This is what we speak, not in words taught us by human wisdom but in words taught by the Spirit, expressing spiritual truths in spiritual words.14 The man without the Spirit does not accept the things that come from the Spirit of God, for they are foolishness to him, and he cannot understand them, because they are spiritually discerned. 15 The spiritual man makes judgments about all things, but he himself is not subject to any man’s judgment”.


 In this study of Psalm 14 we have looked at the cause and cure of real foolishness.

We have seen that people don’t wont to believe or even acknowledge the existence of a God because they want to live there lives as the Frank Sinatra song says, “I did it my way”. This is the heart of foolishness and David shows that this kind of thinking and living leads to some pretty terrible consequences. In his day, it led to the death of almost all of a priestly family that helped him when he was on the run from King Saul.

However, we have also learnt that through the life and death of God’s Son, Jesus Christ we can be saved and find the wisdom only that salvation can find, the wisdom of God.

Let me read to you a poem based on this Psalm and close with a word of prayer:


(Based on Psalm 14)

Some people say there is no God

Therefore, they can do what they like.

No one can stop them harming, hurting and lying

What is right and wrong is for them to say.

Yet if there is a God

What kind of fools are they?


God looks down at man from above

He looks for wisdom in our hearts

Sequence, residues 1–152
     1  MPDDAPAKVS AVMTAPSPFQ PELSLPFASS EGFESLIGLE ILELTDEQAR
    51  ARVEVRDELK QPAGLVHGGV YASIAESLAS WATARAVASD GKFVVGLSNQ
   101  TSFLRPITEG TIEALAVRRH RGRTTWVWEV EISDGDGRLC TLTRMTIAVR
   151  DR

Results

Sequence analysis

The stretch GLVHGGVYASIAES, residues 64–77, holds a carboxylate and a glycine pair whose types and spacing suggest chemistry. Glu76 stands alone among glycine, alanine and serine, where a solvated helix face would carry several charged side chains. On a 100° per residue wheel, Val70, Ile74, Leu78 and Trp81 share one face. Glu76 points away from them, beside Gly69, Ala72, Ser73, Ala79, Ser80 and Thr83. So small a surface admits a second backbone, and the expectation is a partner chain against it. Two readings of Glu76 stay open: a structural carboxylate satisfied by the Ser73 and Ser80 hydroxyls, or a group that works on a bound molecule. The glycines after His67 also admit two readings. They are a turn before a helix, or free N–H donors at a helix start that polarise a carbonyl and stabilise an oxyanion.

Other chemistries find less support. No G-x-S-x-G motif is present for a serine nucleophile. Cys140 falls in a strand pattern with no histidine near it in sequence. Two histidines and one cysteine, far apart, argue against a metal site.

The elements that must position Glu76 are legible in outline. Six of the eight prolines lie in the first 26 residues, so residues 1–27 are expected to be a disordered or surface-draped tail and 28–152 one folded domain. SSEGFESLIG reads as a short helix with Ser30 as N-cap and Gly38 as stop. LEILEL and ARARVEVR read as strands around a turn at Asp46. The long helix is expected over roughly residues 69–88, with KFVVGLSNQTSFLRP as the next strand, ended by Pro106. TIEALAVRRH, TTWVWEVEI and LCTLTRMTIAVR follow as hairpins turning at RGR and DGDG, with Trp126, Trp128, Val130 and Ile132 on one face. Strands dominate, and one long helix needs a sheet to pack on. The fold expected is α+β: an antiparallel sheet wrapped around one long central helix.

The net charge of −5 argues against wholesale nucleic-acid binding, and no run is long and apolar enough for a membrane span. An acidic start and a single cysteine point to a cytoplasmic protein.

Yet all he sees are people doing what they want.

What is right and wrong is for them to say.

They deny God above

What kind of fools are they?


God calls out through his world and word

Why don’t you know that I am real?

But they say I am happy not to know

And I can choose what is right and wrong to say.

Yet one day they will die

What kind of fools are they?


Some people oppress the poor each day

They turn from God and go their way.

They despise the people who obey,

“Saying I will choose what is right and wrong today”.

Yet God will judge one day

What kind of fools are they?


God hears his people who turn and pray

He helps them through the trials of life.

Helps, protects and gives them victory.

Yet people all around them despise their way,

They claim that God is dead

What kind of fools are they?


One day we’ll rise with Christ above

We’ll enjoy the fruits of God’s great love.

And when we sit with Christ on heavens shores

Those who laughed at us each day

Will wish they turned and prayed

What kind of fools are they?


Jim Wenman



Father in heaven I confess my many sins to you and for doing them I am truly sorry. I now turn away from denying and defying you in my like and accept, by faith, your forgiveness. Forgiveness made possible by the death of your dear Son Jesus Christ. I now look to him the risen and living saviour as the Lord of my life. In his name, I pray this. Amen.